The International Air Transport Association (IATA) has announced the launch of a new Airport Wildlife Trafficking Assessment Tool which the association says will help defeat smugglers of endangered species.

The launch of the Assessment Tool was announced as governments meet at the Illegal Wildlife Trade Conference in Hanoi, Vietnam, to discuss ways to eradicate trafficking.

The Assessment Tool helps airports assess their supply-chain security, intelligence and risk management, staff awareness, and reporting processes, alongside air cargo and passenger screening policy and procedures.

“The illegal trafficking of wildlife products, including many iconic and endangered species, is an issue which the aviation industry takes very seriously. It will take a team effort to combat this deplorable trade. We are working in close partnership with USAID Routes, WCO, CITES and other organizations to make the world a much more difficult place for wildlife traffickers. Our common goal is to preserve our precious wildlife inheritance for future generations to enjoy,” said Alexandre de Juniac, IATA’s Director General and CEO.

The Assessment Tool, developed in partnership with the World Customs Organization (WCO) with support from the USAID ROUTES Partnership. It will be tested with WCO at Maputo International Airport this month with a planned global rollout for 2017.

“Actors in the air transport sector can serve as the eyes and ears of enforcement agencies and can be valuable partners in the efforts to eliminate wildlife trafficking from supply chains. The Assessment Tool will enable them to identify weak points in procedures and practices, often exploited by traffickers, as well as ways of strengthening them,” said Kunio Mikuriya, WCO Secretary General.

Keeping Commitments to the Preservation of Endangered Species

The is the latest development in the air transport industry’s efforts on this important issue. Earlier this year, during IATA’s Annual General meeting, the association along with 26 of its member airlines signed the Duke of Cambridge’s United for Wildlife Transport Taskforce Buckingham Palace Declaration.

Signatories are committed to raising awareness of wildlife trafficking, train staff to help spot traffickers, and improve cooperation between transport bodies and regulatory and enforcement organizations. IATA, with the support of USAID, produced a video intended to make frontline airline staff aware of the issue.

Seamless Travel Technology to Benefit Preservation

IATA says that new technology which helps make air travel more convenient could also play a role in containing the illegal wildlife trade which exploits the global connectivity we benefit from as flyers.  Solutions like e-documentation, online check-in and automated baggage drops could result in more effective tracking of shipments as well as tracking those individuals found transporting illegal animal products. Increased traceability could make it harder for smugglers to carry illegal wildlife by air, and also combat other criminal enterprises which exploit the airline industry.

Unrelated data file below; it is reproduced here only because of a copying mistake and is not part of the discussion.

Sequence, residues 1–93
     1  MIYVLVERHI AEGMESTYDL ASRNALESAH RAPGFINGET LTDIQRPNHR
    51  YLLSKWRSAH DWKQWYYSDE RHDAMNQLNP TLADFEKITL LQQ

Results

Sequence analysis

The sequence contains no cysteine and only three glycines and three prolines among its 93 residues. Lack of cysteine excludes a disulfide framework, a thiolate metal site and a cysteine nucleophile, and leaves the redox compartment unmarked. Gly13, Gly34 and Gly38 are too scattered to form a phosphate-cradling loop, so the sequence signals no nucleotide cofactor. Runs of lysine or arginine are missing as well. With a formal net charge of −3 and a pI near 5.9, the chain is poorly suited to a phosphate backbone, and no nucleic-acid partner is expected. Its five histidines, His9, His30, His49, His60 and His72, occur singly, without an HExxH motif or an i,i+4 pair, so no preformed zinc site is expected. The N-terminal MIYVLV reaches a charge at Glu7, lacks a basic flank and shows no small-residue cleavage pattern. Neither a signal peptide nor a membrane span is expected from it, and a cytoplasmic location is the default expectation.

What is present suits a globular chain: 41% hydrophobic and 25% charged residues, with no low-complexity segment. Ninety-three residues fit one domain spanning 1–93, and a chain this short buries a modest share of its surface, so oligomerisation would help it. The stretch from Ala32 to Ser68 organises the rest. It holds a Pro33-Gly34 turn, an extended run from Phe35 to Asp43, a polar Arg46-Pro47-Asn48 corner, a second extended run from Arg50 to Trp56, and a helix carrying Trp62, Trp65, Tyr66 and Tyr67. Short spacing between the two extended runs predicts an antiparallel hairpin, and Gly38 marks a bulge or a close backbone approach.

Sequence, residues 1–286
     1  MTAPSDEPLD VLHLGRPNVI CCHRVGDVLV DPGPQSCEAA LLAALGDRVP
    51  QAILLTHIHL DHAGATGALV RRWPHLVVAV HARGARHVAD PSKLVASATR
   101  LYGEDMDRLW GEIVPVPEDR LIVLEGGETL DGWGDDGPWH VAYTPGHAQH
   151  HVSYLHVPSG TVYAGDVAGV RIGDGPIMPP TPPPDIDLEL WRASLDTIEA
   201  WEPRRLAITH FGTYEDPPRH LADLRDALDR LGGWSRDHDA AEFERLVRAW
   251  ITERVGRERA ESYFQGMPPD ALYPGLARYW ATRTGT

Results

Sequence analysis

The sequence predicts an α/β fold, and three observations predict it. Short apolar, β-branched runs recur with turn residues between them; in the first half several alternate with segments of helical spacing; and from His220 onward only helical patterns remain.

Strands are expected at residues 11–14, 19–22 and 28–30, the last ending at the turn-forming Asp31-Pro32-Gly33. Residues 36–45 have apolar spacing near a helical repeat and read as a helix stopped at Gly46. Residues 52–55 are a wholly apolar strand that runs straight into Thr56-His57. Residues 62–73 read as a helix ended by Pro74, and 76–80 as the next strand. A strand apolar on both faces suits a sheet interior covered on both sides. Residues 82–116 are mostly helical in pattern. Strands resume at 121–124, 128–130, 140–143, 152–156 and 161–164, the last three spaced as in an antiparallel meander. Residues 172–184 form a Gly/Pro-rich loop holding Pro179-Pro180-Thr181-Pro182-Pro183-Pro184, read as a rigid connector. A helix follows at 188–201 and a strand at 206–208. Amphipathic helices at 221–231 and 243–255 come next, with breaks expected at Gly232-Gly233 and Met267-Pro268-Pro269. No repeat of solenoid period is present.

“These technologies can help government authorities to build accurate risk assessments of travelers and cargo shipments. Whether it is combatting terrorism, stopping the illegal drug trade or putting an end to wildlife trafficking, governments must share information among themselves and with industry. We share a common goal and we must work together to achieve it,” said de Juniac.

ROUTES Funding

The new Assessment Tool is funded through the USAID Reducing Opportunities for Unlawful Transport of Endangered Species (ROUTES) Partnership which brings together government agencies, transportation and logistics industry companies and representatives, international conservation, development and law enforcement organizations and donors in order to disrupt wildlife trafficking activities, and forms a key element of the concerted international response to addressing wildlife poaching and associated criminal activities worldwide.


Learn more about the extent of the illegal wildlife trade’s exploitation of our modern air travel connectivity in this special report published earlier this year on Flight Chic.

Leave a Reply

Fill in your details below or click an icon to log in:

WordPress.com Logo

You are commenting using your WordPress.com account. Log Out / Change )

Twitter picture

You are commenting using your Twitter account. Log Out / Change )

Facebook photo

You are commenting using your Facebook account. Log Out / Change )

Google+ photo

You are commenting using your Google+ account. Log Out / Change )

Connecting to %s